Photo-induced Charge Transfer from Colloidal Quantum Dots to Molecular Acceptors, Applications in Photocatalysis
Kedy Edmé, PhD
(Cours Privés Edmé Port-au-Prince Haïti)
Colloidal Quantum dots (QDs) are nanocrystals consisting of an inorganic semiconductor core functionalized with organic ligands. Through simple size modifications, we can tune their light absorption properties, as well as their ability to accommodate multiple molecular substrates on their surfaces. These combined properties have inspired several research efforts to investigate the light-induced transfer of electrons from QDs to molecular catalysts to generate solar fuels. Chemical generation of solar fuels, such as the production of hydrogen gas (H2) from water, employ small molecules that require multiple electrons to catalyze the transformation of interest. My research has fundamentally elucidated the light-induced transfer of multiple electrons to small molecules adsorbed on the surface of QDs. I have shown that sequentially accumulating electrons onto a molecular acceptor can be hindered by the first electron transfer process as it generates trapping sites, which prevent the second electron from reaching the acceptor. In a collaboration, we have shown that it was possible to carry out the accumulation of two electrons from photoexcited QDs to a surface-bound molecule within a single photoexcitation event. We demonstrated that the dimeric structure of the molecule was instrumental in allowing the electron to hop between the two fragments of the molecule thereby generating a long-lived singly-reduced species. This feature provided enough time for the second electron to further reduce the molecule. Furthermore, the dimeric structure allowed for a reduction in the charge repulsion associated with accepting two electrons, which also led to a long-lived doubly reduced species. This talk will first introduce the required components to build an artificial photosynthetic system, and will explore how QDs are an important class of photosensitizers, and understanding their photophysical properties is essential to conceive efficient solar-energy conversion apparatus.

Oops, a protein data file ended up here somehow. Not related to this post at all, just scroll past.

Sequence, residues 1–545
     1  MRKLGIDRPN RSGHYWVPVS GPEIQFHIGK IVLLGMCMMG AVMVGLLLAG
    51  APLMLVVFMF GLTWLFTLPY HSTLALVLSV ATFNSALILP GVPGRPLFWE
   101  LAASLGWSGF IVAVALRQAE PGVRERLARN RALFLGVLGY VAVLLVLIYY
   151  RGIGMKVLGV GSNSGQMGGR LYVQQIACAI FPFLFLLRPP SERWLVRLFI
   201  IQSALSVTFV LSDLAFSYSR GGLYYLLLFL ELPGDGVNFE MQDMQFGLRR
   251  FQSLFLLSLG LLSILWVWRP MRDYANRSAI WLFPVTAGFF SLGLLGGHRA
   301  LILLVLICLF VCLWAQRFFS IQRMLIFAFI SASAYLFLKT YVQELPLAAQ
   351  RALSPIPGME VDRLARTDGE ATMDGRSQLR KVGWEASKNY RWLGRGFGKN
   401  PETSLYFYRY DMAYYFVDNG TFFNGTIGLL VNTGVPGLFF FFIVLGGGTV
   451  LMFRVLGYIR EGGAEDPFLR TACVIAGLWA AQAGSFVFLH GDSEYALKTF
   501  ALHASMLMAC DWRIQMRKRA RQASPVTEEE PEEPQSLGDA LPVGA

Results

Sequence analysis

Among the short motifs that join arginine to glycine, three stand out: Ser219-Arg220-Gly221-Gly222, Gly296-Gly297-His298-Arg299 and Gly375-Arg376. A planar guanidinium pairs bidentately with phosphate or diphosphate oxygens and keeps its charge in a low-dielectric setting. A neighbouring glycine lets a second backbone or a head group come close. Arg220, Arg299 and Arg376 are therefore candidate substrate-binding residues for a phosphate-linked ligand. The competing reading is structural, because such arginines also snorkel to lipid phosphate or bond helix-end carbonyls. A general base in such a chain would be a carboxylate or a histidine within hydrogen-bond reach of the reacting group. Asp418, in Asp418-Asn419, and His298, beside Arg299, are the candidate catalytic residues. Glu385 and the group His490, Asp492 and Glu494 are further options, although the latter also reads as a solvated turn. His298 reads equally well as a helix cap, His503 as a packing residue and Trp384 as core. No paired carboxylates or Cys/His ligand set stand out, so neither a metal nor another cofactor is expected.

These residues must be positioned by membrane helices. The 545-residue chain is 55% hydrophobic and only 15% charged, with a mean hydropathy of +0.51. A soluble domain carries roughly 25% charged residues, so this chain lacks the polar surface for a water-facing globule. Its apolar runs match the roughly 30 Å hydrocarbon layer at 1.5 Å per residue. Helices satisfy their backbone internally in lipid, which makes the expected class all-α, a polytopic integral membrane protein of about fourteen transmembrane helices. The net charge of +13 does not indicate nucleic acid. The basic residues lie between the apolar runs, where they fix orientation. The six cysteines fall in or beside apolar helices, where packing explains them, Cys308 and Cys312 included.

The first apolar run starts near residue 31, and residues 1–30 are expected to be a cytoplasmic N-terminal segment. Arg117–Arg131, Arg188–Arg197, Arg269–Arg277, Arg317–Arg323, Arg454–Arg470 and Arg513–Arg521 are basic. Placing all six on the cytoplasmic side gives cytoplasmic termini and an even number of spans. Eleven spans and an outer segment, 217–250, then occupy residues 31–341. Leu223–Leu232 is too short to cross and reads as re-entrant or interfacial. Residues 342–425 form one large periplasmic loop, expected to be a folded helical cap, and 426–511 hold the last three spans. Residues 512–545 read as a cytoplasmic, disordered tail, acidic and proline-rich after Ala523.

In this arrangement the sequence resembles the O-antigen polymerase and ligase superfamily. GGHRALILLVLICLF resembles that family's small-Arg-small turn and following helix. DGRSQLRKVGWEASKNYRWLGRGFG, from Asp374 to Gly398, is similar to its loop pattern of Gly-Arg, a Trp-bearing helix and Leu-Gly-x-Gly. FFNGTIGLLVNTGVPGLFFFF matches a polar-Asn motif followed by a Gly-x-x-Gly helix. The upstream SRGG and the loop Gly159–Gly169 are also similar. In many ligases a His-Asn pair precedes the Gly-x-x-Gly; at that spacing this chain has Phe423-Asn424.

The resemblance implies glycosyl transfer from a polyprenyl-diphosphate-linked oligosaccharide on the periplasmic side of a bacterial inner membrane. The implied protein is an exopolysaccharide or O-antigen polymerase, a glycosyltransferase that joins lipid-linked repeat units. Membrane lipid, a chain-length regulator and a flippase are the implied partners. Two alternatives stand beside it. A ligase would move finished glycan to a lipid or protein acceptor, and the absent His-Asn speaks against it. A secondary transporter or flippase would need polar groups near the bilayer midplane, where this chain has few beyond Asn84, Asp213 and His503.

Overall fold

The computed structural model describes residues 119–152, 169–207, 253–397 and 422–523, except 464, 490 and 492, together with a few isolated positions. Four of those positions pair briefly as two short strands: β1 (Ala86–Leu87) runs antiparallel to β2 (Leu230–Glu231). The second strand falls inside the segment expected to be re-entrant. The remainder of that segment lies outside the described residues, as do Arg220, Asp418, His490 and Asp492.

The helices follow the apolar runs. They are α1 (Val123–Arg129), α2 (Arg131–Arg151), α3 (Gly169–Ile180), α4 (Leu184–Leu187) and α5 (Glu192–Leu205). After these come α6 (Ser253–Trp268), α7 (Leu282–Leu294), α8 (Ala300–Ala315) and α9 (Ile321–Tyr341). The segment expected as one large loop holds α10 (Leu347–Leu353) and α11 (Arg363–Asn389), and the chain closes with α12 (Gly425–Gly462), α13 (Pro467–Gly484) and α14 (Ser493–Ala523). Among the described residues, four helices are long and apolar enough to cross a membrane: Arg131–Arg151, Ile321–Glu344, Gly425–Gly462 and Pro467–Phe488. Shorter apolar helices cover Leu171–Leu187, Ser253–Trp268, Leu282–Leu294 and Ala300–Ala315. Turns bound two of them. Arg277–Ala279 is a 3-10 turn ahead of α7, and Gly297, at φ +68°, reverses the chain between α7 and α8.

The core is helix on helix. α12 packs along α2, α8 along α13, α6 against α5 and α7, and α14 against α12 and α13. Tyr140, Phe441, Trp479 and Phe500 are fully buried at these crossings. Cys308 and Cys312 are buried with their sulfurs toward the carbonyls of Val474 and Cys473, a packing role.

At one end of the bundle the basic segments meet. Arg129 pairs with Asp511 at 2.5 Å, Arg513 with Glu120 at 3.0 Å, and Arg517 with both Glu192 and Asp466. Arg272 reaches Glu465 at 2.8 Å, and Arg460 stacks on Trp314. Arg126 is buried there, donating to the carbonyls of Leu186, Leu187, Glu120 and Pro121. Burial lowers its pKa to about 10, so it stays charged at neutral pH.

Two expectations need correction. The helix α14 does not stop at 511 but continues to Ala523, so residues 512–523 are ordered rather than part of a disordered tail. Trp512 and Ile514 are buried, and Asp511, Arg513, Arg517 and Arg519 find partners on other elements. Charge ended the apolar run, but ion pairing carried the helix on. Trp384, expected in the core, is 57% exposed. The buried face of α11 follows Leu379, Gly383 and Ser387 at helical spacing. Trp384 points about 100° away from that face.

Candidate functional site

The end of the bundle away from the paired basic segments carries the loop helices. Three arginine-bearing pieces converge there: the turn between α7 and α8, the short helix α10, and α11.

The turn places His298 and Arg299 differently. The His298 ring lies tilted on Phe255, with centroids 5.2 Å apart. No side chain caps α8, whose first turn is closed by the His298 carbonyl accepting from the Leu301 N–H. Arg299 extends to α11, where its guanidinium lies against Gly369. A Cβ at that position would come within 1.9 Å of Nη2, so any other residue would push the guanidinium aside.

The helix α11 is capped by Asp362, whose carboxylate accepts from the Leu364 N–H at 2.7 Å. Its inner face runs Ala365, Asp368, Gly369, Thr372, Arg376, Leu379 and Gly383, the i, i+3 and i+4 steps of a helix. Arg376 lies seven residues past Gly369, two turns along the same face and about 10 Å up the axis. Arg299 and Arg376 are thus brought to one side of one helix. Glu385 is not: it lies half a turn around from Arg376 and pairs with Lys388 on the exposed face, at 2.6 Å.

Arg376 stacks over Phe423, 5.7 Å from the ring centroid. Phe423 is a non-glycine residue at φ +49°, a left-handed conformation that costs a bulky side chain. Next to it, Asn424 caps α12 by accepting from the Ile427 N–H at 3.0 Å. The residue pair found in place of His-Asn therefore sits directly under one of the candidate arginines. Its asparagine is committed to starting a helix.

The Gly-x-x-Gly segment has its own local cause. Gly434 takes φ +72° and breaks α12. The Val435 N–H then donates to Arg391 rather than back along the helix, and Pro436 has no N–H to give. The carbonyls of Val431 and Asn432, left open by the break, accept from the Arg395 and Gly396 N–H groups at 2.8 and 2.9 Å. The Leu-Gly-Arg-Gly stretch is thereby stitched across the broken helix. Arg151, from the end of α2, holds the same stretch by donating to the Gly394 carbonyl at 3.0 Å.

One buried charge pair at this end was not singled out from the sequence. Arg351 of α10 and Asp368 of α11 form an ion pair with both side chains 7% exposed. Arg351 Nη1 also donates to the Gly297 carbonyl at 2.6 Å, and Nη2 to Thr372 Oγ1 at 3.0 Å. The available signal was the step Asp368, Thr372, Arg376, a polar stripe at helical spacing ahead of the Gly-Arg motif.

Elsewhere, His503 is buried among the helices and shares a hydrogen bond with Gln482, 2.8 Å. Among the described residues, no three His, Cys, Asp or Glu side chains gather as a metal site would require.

Date and time:
Saturday, May 29, 2021
12:45 PM—2:30 PM
Zoom Meeting Link: